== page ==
Thursday, 22 January 2015

CD Reviews (The Straits Times, January 2015)

Complete RCA and Columbia Album Collection
Sony Classical 88843014722 (10 CDs) / *****

The name of Cuban pianist Jorge Bolet (1914-1990) is synonymous with pianism of lush Romanticism from a bygone age, particularly the music of Franz Liszt. This box-set of RCA Victor and Columbia Masterworks recordings dating from 1958 to 1982 capture him at the height of his technical and interpretive prowess, which his later Decca recordings (just before he was diagnosed with AIDS) sadly miss out on. There are two patrician sets of Liszt Transcendental Etudes, the 1970 Barcelona recording (originally released on Ensayo) being the complete do. His utter clarity, tonal colour and magisterial pacing, shunning ostentatious outward theatrics, stand out in these and a clutch of Liszt and Rachmaninov transcriptions.

The jewel in the crown is his 1972 Carnegie Hall Recital, which cemented his place in the pantheon of greats. Seldom has the Bach-Busoni Chaconne and Chopin 24 Preludes sizzled with such fervent immediacy, topped off with the Wagner-Liszt Tannhauser Overture delivered with devastating panache, and rarely played encores (Schulz-Evler, Tausig, Moszkowski and Rubinstein) which teased and tantalised. The chamber offerings of Franck’s Piano Quintet and Chausson’s Concert (with the Juilliard Quartet and Itzhak Perlman in the latter) scarcely made up for the regrettable gap when RCA dropped him for someone younger and seemingly more marketable. The folly of those “lost years” will never be recovered, but one will be grateful for the treasures within this budget-priced collection.   

SCHUMANN Complete Symphonies
Orchestre Revolutionnaire et Romantique
Archiv 479 2515 (5 CDs) / *****

Anyone who doubts Robert Schumann’s gifts as an orchestrator in his symphonies should listen to these performances on period instruments. Too often one has been accustomed to big-scaled modern orchestra interpretations which make the music sound stodgy and overcooked. Not so when John Eliot Gardiner and his British (despite its pretentious French name) band enliven the very same notes with an irrepressible spirit and verve. Listen first to the familiar First Symphony (nicknamed “Spring”), which define the meaning of vitality itself. The more expansive Second and Third Symphonies (the latter known as the “Rhenish”) are given no less trenchant readings. In both, the bombast is ditched, once and for all.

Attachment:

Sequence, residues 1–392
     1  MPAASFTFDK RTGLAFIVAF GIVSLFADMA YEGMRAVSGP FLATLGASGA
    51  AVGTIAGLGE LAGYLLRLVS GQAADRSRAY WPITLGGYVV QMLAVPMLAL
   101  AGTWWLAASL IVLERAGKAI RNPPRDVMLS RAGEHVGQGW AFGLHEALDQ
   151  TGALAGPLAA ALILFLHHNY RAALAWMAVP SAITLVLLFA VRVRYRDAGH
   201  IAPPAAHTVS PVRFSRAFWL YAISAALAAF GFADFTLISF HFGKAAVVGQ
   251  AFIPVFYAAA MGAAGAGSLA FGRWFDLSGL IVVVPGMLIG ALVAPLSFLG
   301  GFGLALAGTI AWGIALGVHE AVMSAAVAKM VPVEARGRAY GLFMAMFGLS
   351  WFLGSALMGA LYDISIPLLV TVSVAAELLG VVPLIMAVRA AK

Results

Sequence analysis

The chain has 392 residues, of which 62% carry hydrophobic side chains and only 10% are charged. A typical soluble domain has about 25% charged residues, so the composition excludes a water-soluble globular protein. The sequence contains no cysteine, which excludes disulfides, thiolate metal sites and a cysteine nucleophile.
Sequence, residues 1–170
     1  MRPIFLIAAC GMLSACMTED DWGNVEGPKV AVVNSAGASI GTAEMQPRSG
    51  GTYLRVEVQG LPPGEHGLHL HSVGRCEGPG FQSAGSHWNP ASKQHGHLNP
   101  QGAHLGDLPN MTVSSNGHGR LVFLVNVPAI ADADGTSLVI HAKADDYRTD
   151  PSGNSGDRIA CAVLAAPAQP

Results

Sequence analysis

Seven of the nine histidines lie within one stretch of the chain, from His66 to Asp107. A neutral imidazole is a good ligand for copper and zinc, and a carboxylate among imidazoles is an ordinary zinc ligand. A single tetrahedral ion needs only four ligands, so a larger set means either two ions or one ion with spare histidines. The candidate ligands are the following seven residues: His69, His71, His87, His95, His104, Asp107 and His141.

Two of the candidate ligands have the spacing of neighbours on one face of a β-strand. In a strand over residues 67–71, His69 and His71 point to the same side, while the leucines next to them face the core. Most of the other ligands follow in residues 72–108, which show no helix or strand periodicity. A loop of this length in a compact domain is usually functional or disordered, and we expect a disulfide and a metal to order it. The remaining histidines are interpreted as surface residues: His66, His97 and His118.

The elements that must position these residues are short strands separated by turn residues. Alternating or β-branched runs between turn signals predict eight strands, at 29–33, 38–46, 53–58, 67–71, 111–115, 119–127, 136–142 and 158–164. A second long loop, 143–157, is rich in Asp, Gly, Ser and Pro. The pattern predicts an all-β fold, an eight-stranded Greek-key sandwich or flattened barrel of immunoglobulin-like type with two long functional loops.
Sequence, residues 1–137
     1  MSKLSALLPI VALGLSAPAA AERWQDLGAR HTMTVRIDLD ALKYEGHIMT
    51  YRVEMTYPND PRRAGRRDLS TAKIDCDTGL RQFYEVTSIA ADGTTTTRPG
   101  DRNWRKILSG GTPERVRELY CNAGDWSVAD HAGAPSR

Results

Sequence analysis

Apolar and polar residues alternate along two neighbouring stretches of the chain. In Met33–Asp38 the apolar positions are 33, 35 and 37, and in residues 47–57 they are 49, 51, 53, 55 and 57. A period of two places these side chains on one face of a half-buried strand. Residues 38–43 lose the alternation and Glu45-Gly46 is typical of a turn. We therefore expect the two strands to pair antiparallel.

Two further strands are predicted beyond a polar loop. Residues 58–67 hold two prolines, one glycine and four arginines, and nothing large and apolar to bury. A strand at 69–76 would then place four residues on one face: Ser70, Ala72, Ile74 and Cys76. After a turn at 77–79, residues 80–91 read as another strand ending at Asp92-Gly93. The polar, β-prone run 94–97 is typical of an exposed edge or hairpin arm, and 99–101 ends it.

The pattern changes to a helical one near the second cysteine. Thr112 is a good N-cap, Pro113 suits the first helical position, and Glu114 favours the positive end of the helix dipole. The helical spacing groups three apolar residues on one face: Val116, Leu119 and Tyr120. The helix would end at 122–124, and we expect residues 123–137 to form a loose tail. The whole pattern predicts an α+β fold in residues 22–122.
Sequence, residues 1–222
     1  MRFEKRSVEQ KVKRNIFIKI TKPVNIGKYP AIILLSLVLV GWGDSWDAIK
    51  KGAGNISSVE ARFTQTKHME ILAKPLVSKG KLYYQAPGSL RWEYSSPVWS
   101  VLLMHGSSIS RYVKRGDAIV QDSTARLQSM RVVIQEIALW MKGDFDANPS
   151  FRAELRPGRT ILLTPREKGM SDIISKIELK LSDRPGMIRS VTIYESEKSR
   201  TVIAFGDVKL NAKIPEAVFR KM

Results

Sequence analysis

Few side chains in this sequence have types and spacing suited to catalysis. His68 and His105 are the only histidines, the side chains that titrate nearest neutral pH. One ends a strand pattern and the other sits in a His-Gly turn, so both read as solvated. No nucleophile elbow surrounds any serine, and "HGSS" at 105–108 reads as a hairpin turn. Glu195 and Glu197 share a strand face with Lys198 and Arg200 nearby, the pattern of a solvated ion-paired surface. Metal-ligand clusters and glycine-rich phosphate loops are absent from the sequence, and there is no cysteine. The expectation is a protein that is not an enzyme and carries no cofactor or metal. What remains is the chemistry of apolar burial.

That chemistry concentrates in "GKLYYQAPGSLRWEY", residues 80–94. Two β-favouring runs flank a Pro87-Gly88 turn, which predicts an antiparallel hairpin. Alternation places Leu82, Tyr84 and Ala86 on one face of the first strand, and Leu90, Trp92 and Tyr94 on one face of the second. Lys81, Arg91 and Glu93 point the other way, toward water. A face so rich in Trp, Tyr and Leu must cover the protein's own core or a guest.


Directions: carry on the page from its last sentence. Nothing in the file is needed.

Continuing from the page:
It is not just the faster tempos adopted or the lighter orchestral forces utilised, but the conception that Schumann meant for those dynamics and economies of scale, that is convincing. Both versions of the Fourth Symphony (1841, later revised in 1851) are included, and one is left to conclude that his later thoughts were more persuasive. Earlier and lesser attempts at the symphony form - a Symphony in G minor (“Zwickauer”, 1832-33) and the Overture, Scherzo and Finale – complete the picture. The Concert Piece for Four Horns, Requiem for Mignon, and oratorio Das Paradies Und Die Peri (based on Thomas Moore’s oriental fairy tale Lalla Rookh) and choral music with the Monteverdi Choir make a generous bonus to an already indispensible set.  

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